• At this point, if appropriate, the anal tone can be checked by the doctor asking the patient to squeeze the finger with the anal muscles.
  • The finger is then moved through 180° feeling the walls of the rectum.
  • When the examination is complete, the doctor will inform the patient that s/he will remove their finger, and then offer the patient some tissue to wipe the lubricant from the anus and buttocks.

Rectal Pap Smear

A rectal pap smear should be performed by your doctor at the age 40 and repeated every 3 years if no abnormalities were found during the first examination. High risk clients, having a family history of cancer, should go for yearly examinations. In the case of your doctor suspecting the presence of Human Papilloma Virus (HPV) or anal warts, a rectal pap smear might also be indicated. The following should be done 24 hours prior to your anal pap smear:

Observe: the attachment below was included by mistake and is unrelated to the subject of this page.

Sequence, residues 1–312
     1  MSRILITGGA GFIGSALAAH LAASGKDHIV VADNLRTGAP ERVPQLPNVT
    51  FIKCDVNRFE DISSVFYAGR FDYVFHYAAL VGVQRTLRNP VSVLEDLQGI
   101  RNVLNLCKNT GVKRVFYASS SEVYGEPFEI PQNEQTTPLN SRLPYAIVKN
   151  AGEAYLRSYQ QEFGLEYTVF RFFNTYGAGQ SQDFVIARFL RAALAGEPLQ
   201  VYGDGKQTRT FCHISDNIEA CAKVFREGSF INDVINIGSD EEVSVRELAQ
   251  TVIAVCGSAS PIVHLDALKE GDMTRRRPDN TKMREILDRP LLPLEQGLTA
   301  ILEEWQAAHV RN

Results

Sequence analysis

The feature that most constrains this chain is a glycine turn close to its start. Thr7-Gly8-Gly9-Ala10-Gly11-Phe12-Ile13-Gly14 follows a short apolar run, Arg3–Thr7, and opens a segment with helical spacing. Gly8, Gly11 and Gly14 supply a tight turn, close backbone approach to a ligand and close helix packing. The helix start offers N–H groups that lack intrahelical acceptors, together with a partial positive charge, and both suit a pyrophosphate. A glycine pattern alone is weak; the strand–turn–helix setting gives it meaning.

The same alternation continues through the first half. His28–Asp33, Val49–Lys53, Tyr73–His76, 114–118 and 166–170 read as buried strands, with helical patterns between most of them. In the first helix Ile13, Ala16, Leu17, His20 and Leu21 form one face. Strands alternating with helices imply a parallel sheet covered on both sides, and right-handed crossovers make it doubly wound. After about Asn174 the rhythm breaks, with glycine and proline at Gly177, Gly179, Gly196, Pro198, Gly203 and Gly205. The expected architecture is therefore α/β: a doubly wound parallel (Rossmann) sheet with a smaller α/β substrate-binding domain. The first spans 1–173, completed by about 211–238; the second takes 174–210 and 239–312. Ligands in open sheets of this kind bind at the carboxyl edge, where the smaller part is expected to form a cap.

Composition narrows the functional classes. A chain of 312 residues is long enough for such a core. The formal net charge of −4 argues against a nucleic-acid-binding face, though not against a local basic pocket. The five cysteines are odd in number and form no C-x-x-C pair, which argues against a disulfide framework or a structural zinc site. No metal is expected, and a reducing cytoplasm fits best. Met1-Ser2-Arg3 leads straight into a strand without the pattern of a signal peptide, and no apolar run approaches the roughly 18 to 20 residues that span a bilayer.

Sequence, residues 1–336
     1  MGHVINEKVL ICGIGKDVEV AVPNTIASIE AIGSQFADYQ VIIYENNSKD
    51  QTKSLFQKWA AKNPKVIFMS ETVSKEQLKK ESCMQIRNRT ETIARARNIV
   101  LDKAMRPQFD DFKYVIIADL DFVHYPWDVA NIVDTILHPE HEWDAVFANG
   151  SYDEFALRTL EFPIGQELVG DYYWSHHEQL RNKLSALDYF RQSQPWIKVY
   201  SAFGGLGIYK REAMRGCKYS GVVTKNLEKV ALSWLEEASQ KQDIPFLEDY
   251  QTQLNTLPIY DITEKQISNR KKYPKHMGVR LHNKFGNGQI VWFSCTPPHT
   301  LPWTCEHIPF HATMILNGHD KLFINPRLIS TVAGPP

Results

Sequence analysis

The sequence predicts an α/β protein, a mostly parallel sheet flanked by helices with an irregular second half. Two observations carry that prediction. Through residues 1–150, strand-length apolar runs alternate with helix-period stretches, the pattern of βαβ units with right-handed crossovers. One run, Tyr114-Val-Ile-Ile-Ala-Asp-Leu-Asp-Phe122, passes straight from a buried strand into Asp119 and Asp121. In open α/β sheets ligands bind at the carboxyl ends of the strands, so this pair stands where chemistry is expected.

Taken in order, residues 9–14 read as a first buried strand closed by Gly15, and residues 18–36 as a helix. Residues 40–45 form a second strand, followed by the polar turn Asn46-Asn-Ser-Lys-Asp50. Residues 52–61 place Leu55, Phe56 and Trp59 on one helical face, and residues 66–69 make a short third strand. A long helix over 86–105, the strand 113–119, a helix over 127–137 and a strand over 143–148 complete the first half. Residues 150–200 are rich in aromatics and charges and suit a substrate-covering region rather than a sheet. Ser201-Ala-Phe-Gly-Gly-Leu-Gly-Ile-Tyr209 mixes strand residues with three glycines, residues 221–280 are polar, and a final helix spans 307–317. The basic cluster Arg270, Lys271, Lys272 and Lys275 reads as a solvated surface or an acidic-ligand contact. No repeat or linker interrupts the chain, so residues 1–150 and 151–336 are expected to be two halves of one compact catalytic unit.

• Bath or shower just before going to your doctor, making sure you gently washed your rectal and perineal areas with mild soap and warm water.
  • Avoid anal receptive sex 24 hours before your examination.
  • Don't apply any creams, soaps, lubricants or medication into your anus 24 hours before your examination.
  • Don't insert sex toys or other objects into your anus 24 hours prior to your examination.
  • Don't douche or use an enema before the procedure.

The following can be expected during your anal pap smear:

  • With you in a position that offers access to your rectal area, the doctor will insert a swab into the anus.
  • The swab will be gently rotated by the doctor to contract the inner mucosal surfaces of the anal canal.